Rabbi Dr Margaret Jacobi
Fifty years ago on this shabbat, I celebrated my Bat Mitzvah. It was the first Bat Mitzvah in our congregation (Southgate Progressive) but there was never any doubt about it. Thanks to my parents, I always took it for granted that I could do whatever the boys did in Jewish life. So I took to learning my sidra with alacrity and celebrated the day with great joy.
Rabbi John Rayner, my father’s friend and rabbinic mentor, and later my rabbinic mentor too, gave the address. My main memory of it at the time was that introduced me to the words ‘introvert’ and ‘extrovert’. But having had the pleasure of re-reading it, I realise those words were part of a sermon which told of how Joseph grew and changed, from an introverted teenager, who lived in his dreams, to an extrovert adult taking charge of the whole of Egypt.
Joseph did indeed change. The teenage Joseph could never have imagined the power and capability he would have, which enabled him to manage the seven years of plenty so that not only was there enough grain for the seven years of famine but also surplus to sell to other countries and enrich the Egyptian economy. He changed in other ways, too. Although the young Joseph seemed oblivious to his brothers’ feelings, he was not cruel or callous. In this week’s sidra, we see how different he is. Pretending not to know them, he speaks to them harshly. He takes Simeon in ransom until the brothers return with Benjamin, knowing the pain it would cause their father. Yet underneath it all, we can feel Joseph’s heartbreak. Hearing Reuben address his brothers, he turns away and weeps.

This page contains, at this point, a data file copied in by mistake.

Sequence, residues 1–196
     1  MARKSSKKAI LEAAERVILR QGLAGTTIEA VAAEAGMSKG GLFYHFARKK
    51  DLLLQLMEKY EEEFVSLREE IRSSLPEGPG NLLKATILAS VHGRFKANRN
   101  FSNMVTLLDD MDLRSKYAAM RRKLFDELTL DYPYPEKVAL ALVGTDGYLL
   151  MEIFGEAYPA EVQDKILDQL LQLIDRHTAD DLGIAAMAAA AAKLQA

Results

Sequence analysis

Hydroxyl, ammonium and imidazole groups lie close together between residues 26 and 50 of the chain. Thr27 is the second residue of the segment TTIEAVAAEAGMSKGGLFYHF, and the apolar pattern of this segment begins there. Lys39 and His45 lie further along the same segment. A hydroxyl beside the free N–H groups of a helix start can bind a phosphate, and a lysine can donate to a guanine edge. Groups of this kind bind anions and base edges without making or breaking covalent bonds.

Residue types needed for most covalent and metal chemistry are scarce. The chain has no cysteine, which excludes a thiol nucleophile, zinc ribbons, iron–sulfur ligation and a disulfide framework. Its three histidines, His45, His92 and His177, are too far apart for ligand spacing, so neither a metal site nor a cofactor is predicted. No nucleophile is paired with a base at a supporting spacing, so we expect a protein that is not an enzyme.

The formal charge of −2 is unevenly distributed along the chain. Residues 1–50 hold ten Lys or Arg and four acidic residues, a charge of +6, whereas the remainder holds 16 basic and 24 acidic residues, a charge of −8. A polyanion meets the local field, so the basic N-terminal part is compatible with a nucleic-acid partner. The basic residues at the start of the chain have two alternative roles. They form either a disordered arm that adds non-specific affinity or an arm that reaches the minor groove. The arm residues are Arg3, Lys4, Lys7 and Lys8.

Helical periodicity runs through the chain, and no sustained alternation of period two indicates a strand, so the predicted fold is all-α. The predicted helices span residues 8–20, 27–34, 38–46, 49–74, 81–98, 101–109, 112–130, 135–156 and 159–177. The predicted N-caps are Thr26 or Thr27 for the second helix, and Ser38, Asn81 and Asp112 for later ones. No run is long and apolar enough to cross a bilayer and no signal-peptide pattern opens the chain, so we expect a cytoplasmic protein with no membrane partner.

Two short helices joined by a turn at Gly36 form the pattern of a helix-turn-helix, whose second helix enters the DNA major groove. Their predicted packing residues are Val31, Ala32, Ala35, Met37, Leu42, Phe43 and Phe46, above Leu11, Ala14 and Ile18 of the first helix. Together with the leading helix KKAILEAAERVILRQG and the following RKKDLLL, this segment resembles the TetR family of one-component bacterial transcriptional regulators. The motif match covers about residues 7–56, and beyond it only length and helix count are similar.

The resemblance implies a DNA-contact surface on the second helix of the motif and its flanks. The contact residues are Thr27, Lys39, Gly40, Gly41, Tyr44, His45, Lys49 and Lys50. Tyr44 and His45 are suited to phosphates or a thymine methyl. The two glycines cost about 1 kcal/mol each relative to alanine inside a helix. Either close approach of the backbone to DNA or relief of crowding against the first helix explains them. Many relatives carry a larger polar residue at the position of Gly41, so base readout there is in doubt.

Looking back over fifty years, I remember the tensions amongst me and my siblings, even though my parents did their best to treat us equally. How much more deep would the tensions have been in Jacob’s family when he made his favouritism so obvious and treated the brothers so differently. Yet the brothers all grew up. Just as Joseph changed, so did the his brothers. Judah, especially, learns to take responsibility for his actions. Of all the brothers, he is the one who changes the most. At the start, he is heartless and mercenary, wishing only to profit from his brother Joseph by selling him. But through his experience with Tamar (Genesis 38) and perhaps, too, his realisation of the depths of Jacob’s grief for Joseph, he learns humility and compassion.
All of us have the capacity for growth and change. When we are teenagers, as I was at my Bat mitzvah fifty years ago, we see the world and ourselves very differently. What can seem important, such as perceived differences between siblings, can come to seem trivial as we grow up and come to treasure our brothers and sisters. We can grow in wisdom and understanding, both of others and of ourselves. We can learn compassion, as Judah did, and forgiveness, as Joseph did. True living is growing and changing, never ceasing to learn from life, even at its most difficult.
As we leave Chanukah behind, may we continued to be inspired by its message so that we continue to nurture the light within us and let it shine out to others in love and compassion.
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